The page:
Wetherby Sweet Shop Robbed

Edward Gifford

We have all been robbed…or I was robbed; well, the shop where I work was robbed, just before Christmas.

Wetherby is a small market town known to all Englishmen, a place of commerce, community and continuity; and to the metropolitan as a backwater, a relic, a postcard. Nestled on a hill above the River Wharfe, Wetherby is mentioned in the Domesday Book of 1086 as ‘Wedrebi’ ‘settlement on the bend of a river'. The town comes together on the market square, filled on a Thursday with traders and hawkers, farmers and more recently hipster cheesemakers. There too the Town Hall stands; a solid, self-effaced Victorian testament to civic society.

I can, wherever I might be, bring myself back to that place. Appleton’s the pie maker, Johnsons the greengrocer, his fresh produce soiled, still crated, and opposite Tarbetts, the fish monger, in a pokey shop on the corner before one enters the Shambles.
Out of the market, away from the Blackbull, a crouching, shrunken old pub, one crosses the Great North Road, as it was known. It was great once, before the A1 bypassed the town.

Past it are perhaps the two best shops; Andrew’s the butcher who shoots his game, hangs his birds, makes fantastic sausage, and knows you by name. Next to his red awning and chain mailed door is the unassuming bakery Oven door, the only baker one needs. Hot rolls, crumpets, black bottomed cobs all sit in wicker baskets, gone quick at fair prices.

If I leave the square the other way, towards Spofforth and Sicklinghall, the library, the bookshop, the stationers await. From there I pass the tailor, an upstart quickly welcomed, no one now knows when he arrived or if he was ever not there.
    Nipping up the ginnel, past another pub, there’s a car park – both ugly and essential – bordered by elegant terraces and a parade of shops. The shops here may come and go, except for the children’s shoe shop, handily opposite the school, and the sweet shop, where I work.

Faded lettering announces that it has, since 1948, spoilt the town with sweets from jars weighed by the quarter and sold elegiac papers decrying the King’s passing and Churchill’s, the milkman’s and the mines. I have quickly come to like shop life, its idiosyncrasies; busy in the mornings, slowing to a steady trickle by eleven of regulars who prefer a slower breakfast. Their papers stacked behind the counter, labelled by name, a mere formality. Imagine a robbery here, witnessed by peppermint creams, lemon bon-bons and crisp piles of The Telegraph.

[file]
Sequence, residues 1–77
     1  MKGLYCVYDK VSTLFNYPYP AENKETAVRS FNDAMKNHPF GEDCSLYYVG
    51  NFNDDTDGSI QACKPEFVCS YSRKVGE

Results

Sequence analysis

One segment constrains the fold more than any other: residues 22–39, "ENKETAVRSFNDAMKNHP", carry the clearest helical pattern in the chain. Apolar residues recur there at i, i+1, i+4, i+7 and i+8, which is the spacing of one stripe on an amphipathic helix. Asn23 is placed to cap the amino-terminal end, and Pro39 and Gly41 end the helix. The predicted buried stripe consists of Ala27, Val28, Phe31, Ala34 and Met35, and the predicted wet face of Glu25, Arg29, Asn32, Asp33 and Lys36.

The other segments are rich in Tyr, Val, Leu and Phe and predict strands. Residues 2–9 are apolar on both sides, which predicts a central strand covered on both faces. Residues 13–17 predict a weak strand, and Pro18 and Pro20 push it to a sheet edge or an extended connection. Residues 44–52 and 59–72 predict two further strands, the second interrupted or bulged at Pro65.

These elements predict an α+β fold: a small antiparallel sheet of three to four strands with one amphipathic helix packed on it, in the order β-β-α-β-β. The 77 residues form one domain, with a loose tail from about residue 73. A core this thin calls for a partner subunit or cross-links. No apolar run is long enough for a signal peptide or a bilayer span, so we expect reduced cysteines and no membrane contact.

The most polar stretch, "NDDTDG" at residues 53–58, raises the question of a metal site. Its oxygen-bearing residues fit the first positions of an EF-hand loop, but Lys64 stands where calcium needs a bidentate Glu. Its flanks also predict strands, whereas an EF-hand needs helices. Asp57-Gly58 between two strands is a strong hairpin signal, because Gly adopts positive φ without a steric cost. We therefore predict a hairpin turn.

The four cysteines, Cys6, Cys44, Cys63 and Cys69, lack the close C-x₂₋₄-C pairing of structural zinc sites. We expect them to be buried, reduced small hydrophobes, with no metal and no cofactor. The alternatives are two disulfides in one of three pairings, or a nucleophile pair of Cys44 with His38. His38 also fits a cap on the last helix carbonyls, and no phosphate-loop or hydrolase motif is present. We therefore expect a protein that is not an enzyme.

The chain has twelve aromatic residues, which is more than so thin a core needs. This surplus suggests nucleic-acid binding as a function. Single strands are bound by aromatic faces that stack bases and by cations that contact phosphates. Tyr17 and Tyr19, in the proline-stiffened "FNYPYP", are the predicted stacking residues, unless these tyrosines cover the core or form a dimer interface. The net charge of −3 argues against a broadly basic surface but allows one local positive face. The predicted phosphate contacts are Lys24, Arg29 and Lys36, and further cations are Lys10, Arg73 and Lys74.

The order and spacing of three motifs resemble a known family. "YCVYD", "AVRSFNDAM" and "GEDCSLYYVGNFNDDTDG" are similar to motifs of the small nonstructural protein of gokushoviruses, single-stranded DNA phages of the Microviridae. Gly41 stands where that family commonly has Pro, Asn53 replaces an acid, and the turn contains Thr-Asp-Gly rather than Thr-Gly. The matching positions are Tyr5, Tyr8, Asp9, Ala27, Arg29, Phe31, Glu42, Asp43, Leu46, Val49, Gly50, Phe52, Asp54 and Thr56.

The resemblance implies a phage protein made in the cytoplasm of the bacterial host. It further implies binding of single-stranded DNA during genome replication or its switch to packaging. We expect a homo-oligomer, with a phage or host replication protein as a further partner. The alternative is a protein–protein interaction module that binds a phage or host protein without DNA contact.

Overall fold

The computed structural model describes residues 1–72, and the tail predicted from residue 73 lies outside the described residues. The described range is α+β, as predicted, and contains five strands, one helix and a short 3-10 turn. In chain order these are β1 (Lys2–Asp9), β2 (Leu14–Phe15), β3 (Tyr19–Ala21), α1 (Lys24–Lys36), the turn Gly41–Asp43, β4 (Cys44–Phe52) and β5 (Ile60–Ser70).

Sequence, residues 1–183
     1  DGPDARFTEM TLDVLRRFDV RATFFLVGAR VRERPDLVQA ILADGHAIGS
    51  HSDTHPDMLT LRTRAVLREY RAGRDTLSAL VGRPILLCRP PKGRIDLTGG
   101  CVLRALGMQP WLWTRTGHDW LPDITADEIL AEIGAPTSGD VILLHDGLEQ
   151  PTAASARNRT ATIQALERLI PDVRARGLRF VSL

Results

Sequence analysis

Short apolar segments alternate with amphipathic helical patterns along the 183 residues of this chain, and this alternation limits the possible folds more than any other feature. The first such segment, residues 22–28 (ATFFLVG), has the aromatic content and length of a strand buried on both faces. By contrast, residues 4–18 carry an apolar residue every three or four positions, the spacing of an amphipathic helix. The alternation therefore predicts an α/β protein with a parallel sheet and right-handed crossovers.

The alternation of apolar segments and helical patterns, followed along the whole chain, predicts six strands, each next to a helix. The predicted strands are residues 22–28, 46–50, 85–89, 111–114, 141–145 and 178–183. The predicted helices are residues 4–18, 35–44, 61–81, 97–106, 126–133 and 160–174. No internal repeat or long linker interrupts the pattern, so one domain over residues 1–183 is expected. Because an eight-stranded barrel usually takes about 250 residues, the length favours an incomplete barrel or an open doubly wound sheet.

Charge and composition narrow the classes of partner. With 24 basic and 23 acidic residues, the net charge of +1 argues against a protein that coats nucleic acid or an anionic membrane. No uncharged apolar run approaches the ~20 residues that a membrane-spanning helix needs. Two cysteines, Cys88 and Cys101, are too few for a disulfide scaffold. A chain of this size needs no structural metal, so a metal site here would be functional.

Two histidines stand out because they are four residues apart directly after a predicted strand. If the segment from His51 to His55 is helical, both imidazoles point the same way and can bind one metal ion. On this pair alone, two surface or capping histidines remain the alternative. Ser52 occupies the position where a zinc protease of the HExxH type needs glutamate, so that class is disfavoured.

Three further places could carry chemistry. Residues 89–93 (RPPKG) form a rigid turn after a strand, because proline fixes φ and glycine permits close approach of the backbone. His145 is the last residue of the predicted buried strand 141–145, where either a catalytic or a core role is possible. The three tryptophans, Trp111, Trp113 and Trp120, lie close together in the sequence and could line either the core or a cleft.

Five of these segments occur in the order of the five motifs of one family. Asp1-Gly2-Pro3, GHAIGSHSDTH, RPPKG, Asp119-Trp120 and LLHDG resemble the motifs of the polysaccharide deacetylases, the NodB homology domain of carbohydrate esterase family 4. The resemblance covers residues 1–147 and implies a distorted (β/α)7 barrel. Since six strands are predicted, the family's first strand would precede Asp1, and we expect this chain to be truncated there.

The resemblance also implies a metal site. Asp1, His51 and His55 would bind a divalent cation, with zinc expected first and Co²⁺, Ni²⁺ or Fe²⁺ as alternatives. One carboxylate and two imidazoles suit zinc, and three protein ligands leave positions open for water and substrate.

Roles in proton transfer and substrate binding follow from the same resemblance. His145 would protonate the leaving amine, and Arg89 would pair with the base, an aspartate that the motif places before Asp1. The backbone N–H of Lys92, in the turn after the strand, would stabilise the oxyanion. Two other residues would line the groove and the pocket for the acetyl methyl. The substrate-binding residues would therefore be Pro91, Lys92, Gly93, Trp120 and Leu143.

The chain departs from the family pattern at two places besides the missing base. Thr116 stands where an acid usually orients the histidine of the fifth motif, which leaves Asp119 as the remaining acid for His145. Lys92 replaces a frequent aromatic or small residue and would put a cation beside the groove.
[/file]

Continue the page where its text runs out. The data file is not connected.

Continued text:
‘5’10”, dark hair, brown eyes, pale, hooded with a green anorak over his school uniform. Yes, purple tie and charcoal trousers. And, of course, a mask. Ran off in the direction of Andrew’s, near Morrisons. It was tobacco, papers, a considerable sum.’ I told the police at about eight-thirty, after a half-hearted chase, knowing I was the only one in the shop. He was out of sight before the door was locked and sign twisted to ‘closed’.

There’s another thing you would miss, or just not notice, there is no bobby in Wetherby. That pied check no longer on the beat. They did away with whistles, capes and clips round the ear, and in the end policemen. How they now deter crime with a blaze of lights and sirens rushing to the scene after the crime is anyone’s guess.

There is a letter pinned in the shop’s office, the address was the old station across the bridge, by the riverbank. I often lingered over it whilst making a cup of tea. It read that the constables patrolling to check on shopkeepers, were to become a WhatsApp group, checked weekly.

The crime I had witnessed and reported ended with a curt phone call from an anonymous operator and a crime number; that was Justice’s course. I did however learn, as was explained in a supercilious, condescending tone, that I had suffered technically theft not robbery, without a threat. Naïvely I enquired as to whether a constable would visit the school and if the headmaster would be informed, I needn’t have bothered the line was dead.
    I was left disappointed, all the stories in the papers about the police were true. I was sad too for the young lad, that he will not feel the hand of justice upon his shoulder, no reason to set right his way. I was more saddened for Wetherby, and towns like it, the towns we all know; left to fend for themselves, no longer deemed worthy of police time. A lost childhood, stolen livelihood, lost faith in civic society–we have all been robbed. 

Chargé D'affaires - Depuis 2020